Cut to every gay male designer sidling up to Daniel Vosovic. Hey, who can blame them?
Terri wisely took Christian’s advice to lose her Leo fur collar—“it was looking a little The Wiz,” she admitted—but would it be enough?
Next onto the runway, where my ambivilance toward Kenley’s garment mirrored my ambivalence toward Kenley herself. However, was Michael Kors on crack when he suggested that her poofy sleeved costume wasn’t avant garde enough? Really, Michael Kors? Last I checked, we weren’t wearing a John Galliano meets the Queen of Hearts creation at the local Piggly Wiggly. (Okay, so I’ve never been to a Piggly Wiggly in my life. . .but you take my point.)
So Jerrell wins, which is nice for him. His garmet was slightly above meh. I was pretty certain Leanne was going to win again. I’m sorry, her creation (pictured in place of the actual winner, because I’m the boss of this blog!) was all kinds of fabulous. But maybe they didn’t want to get too predictable.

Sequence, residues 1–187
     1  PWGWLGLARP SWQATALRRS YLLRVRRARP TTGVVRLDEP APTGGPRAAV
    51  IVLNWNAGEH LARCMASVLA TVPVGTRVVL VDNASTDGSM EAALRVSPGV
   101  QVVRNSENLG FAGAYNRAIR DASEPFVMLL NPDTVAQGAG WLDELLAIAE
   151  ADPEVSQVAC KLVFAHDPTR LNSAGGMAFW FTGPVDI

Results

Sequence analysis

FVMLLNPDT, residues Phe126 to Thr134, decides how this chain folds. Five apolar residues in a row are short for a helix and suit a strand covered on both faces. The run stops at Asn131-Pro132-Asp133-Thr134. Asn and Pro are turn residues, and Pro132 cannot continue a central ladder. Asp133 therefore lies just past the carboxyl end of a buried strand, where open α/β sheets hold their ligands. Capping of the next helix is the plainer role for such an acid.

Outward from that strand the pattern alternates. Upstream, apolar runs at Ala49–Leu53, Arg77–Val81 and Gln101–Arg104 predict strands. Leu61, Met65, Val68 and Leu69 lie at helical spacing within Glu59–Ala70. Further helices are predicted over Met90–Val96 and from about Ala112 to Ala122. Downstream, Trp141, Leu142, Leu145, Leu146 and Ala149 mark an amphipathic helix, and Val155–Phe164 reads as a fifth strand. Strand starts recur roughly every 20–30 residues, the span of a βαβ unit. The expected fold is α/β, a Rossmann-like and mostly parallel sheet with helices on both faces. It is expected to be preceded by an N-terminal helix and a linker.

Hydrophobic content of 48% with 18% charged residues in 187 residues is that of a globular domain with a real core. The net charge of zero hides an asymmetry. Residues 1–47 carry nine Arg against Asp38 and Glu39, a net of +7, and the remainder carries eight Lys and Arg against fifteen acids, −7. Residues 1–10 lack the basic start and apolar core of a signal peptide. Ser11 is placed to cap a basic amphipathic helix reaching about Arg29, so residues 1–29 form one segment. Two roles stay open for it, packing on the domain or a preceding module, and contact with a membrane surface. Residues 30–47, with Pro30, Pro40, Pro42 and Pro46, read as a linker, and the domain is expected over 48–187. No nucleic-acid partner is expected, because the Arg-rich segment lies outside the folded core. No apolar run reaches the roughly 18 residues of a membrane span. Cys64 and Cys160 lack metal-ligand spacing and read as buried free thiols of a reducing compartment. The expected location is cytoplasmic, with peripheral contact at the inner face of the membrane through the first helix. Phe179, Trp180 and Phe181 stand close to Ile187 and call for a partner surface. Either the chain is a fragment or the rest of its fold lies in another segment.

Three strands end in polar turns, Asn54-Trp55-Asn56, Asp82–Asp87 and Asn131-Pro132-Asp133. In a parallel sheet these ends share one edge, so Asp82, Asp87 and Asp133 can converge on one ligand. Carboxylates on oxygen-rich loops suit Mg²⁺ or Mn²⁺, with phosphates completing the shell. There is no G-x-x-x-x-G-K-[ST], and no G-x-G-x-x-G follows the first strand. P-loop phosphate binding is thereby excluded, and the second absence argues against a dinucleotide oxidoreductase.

Anyway, the bottom four were Kenley, Blayne, Suede, and Terri.
Kenley is safe.
Figures, just when I was starting to like the little whipper snapper, his garment pooped fabric and Blayne is OUT.
Now, it’s down to Suede and Terri. It’s true, Suede’s garment wasn’t avant garde (and was poorly made, if you ask me) but Terri’s garment looked cheap. Also, Terri is a stone cold bitch.
So Terri is . . . OUT.
I liked her designs but if she can’t play well with others, she’s not going to go far in this business.
Now can we start missing Stella? . . . Pretty please?
Thursday, September 4, 2008
It occurred to me, as Stella was handed her fate, and stood there, scowling at Heidi Klum, clearly about to say something defiant, that nobody has ever had a truly memorable send off on Project Runway.